Understanding Uncertainties Using Performance Predictive Models for Smart Waterflooding
Committee MemberChen, Zhangxing
Low Salinity Waterflooding
Enhanced Oil Recovery
Improved Oil Recovery
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AbstractSmart waterflooding involves an injection of water that contains an optimum concentration of electrolytes that are tailored to the rock-fluid characteristics of the target reservoir. The objective of this study is to identify uncertainties that could affect the performance of a smart waterflooding process and to determine how such risks can be diminished. To this end, the impact of parameters that contribute to uncertainties was investigated using a modeling approach. The key parameters identified as critical variables in the core-scale to field-scale analyses are the following: permeability, porosity, viscosity ratio, temperature, clay content, carbonate content, sodium, calcium, chlorine, calcite, dolomite, feldspar, pH, initial water saturation, heterogeneities, inter-well spacing, and production/injection pressure. These parameters have a significant effect on smart waterflooding performance. Many of these variables—temperature, mineralogy, aqueous composition, and pH—directly influence smart waterflooding process. However, the rest of the variables affect both the conventional and smart waterflooding processes. Furthermore, there is a significant binary interaction between variables. Each parameter effect was qualified and quantified by the normalized parameter method. Empirical predictive models for, (i) residual saturation, (ii) end-point water-relative permeability, and (iii) oil recovery were developed from a multivariable regression model with R-square prediction greater than 78%.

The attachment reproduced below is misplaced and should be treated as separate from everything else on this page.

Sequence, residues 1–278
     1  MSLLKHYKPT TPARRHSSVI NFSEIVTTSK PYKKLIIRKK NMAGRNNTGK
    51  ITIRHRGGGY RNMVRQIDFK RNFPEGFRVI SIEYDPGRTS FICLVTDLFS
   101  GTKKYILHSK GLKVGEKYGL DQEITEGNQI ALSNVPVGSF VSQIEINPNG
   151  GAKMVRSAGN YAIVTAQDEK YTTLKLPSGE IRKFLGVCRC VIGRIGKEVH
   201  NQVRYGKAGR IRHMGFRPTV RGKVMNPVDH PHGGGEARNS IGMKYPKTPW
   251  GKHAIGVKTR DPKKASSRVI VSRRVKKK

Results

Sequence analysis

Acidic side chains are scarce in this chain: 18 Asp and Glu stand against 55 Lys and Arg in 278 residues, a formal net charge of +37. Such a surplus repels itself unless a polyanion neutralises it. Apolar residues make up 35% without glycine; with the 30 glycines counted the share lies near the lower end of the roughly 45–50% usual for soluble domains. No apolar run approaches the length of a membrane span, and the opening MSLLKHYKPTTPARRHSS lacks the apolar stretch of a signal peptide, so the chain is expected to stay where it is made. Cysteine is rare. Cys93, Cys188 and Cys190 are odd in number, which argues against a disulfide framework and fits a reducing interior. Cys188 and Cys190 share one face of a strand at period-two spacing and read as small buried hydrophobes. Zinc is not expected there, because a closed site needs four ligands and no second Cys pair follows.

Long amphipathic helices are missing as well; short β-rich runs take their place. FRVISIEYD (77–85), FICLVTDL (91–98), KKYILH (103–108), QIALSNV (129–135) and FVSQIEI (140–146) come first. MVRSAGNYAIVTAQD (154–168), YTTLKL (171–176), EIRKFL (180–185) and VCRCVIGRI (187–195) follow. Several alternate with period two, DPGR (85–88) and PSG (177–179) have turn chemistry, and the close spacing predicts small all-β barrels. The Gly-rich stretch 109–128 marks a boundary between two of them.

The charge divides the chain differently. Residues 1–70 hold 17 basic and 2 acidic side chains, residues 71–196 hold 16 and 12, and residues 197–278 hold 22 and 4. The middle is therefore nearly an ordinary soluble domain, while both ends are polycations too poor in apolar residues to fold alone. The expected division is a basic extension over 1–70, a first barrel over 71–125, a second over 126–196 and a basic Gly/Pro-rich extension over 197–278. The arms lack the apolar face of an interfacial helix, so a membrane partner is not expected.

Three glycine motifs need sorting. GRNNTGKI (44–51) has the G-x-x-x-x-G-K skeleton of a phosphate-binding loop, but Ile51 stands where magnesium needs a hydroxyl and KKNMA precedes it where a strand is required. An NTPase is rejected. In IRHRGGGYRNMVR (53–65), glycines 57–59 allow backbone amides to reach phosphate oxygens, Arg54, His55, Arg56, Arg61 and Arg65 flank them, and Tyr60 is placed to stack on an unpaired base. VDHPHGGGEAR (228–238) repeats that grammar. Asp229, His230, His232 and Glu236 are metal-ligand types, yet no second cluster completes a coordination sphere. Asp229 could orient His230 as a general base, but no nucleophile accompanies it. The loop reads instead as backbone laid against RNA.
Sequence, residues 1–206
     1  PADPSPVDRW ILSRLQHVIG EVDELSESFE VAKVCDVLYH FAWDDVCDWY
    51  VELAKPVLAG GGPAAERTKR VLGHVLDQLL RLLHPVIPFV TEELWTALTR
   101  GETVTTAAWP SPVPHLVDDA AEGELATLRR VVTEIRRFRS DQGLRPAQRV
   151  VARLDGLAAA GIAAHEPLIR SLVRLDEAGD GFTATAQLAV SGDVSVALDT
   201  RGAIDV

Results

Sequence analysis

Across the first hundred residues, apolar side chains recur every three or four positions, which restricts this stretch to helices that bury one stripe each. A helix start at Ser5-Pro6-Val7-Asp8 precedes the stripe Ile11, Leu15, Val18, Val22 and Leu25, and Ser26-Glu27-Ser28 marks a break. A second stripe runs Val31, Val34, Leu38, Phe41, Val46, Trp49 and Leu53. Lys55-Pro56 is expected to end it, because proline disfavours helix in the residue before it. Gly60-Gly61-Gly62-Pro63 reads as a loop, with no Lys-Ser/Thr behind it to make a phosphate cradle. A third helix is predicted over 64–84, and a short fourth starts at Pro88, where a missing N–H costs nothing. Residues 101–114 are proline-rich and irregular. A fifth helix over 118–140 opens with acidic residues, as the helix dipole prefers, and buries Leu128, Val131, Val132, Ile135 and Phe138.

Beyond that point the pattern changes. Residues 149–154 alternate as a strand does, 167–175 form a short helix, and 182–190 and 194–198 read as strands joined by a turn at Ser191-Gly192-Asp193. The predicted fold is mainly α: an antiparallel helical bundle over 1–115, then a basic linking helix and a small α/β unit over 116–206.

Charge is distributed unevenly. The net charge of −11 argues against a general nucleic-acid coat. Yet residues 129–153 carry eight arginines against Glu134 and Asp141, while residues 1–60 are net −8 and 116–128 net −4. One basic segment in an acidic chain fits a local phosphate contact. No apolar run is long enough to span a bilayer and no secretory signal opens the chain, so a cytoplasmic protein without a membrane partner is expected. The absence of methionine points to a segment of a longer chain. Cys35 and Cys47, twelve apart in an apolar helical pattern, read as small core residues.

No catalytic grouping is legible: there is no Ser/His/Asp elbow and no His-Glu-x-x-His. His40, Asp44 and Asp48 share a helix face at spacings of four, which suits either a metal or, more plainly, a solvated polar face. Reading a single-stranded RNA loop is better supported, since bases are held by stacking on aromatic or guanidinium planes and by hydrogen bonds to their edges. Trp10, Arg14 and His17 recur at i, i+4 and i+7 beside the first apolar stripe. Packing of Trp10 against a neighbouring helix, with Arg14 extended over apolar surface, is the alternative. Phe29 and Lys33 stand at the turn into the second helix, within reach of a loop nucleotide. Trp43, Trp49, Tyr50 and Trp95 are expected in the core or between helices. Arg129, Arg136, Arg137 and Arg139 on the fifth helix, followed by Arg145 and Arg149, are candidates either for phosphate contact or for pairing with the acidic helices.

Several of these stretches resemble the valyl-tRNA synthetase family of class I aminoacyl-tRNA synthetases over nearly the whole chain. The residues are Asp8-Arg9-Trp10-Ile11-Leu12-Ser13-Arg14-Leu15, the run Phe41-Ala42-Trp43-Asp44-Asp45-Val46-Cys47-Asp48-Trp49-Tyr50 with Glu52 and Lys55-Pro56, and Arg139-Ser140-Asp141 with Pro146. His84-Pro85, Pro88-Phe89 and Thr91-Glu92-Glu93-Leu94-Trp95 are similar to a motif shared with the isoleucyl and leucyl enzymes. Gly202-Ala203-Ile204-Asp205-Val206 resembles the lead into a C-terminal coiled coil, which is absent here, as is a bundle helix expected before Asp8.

CitationKadeethum, T. (2016). Understanding Uncertainties Using Performance Predictive Models for Smart Waterflooding (Unpublished master's thesis). University of Calgary, Calgary, AB. doi:10.11575/PRISM/28577
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